There is something of an unconscious drive for the ego to act as if it were totally free, separate and independent of everything “other” than itself–other individuals, the world, the Supreme. This illusion of independence can go to extremes of aggressive self-centered activity at the expense of all values of society and the need for balance with the environment, as we see taking place throughout the world around us. While it has been taken to an extreme that distorts the truth of the matter, there nevertheless is a basis for this drive, as Sri Aurobindo has explained: “The cause of our world-existence is not, as our present experience induces us to believe, the ego; for the ego is only a result and a circumstance of our mode of world-existence. It is a relation which the many-souled Purusha has set up between individualised minds and bodies, a relation of self-defence and mutual exclusion and aggression in order to have among all the dependences of things in the world upon each other a possibility of independent mental and physical experience.”
Seen in its right relation, it is of course quite obvious that no individual ego can be absolutely and totally independent in any real sense. We are born into a world of interdependence and interchange. We rely on other individuals to be born, to care for us as we grow, and to interact with us once we have matured. We are dependent on the world and the environment for the air we breathe, the food we eat, and the water we drink, and every action we take is part of a mutual dependency between ourselves and these other forms in existence.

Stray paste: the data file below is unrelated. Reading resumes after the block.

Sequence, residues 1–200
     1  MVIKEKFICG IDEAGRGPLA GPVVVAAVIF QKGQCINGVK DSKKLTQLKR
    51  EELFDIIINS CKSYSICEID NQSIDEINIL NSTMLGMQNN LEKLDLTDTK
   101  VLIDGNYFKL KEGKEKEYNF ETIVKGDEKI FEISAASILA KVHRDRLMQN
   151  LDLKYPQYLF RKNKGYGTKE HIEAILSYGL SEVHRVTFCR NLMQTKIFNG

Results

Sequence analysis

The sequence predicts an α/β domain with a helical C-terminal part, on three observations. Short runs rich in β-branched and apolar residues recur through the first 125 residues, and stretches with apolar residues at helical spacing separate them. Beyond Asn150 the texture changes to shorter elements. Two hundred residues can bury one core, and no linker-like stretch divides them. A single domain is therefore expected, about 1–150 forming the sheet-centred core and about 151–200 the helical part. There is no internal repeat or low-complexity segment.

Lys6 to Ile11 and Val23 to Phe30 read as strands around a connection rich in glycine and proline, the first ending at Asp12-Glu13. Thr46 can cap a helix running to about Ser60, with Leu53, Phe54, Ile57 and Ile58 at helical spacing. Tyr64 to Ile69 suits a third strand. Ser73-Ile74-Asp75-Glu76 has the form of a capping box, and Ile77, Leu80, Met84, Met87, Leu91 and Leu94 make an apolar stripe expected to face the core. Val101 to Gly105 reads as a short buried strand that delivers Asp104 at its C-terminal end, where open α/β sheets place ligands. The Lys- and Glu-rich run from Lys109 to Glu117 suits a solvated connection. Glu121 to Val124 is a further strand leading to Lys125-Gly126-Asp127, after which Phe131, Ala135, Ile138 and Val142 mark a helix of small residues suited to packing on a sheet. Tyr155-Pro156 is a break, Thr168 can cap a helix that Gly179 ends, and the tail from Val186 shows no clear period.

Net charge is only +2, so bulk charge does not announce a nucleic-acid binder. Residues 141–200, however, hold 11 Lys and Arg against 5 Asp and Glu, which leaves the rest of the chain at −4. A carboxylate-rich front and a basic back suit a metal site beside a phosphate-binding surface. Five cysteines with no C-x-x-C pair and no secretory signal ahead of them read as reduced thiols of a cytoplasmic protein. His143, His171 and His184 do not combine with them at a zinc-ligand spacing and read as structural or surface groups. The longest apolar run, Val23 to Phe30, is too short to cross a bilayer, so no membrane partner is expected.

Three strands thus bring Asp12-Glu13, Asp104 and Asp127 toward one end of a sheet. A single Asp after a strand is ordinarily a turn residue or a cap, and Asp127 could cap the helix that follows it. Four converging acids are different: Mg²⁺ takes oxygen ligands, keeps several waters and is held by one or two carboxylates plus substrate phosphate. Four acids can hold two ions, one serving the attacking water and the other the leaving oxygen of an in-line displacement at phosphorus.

For those individuals who take up the spiritual path, yet are still focused on the drive for independence, there are traditions that focus on separation, abandonment of all relations and attachments, and eventually fixing the concentration totally on the silent, separate Absolute, as there are others that deny even the reality of the ego itself so as to not have to admit the need for relationship with the world that the ego’s existence implies. However, it becomes clear that this cannot be the deeper meaning of existence and is not a path suited to all.
In the end, the attempt to achieve the extreme of independence from all existence must lead to failure and a recognition that there cannot be any absolute independence. From that realisation comes the opportunity for seeking out a balance and harmony that allows the soul to recognise the role of its independent formation while acknowledging the harmony and mutuality that recognizes the truth of every other soul and of Nature and of God. The process of discovering this, through the attempt to achieve absolute independence, is an important stage because it does help us recognize the need to withdraw attachment from the forms and forces of the world in order to establish the divine standpoint within our awareness.
Sri Aurobindo, The Synthesis of Yoga, Part Two: The Yoga of Integral Knowledge, Chapter 18, The Soul and Its Liberation, pp. 421-422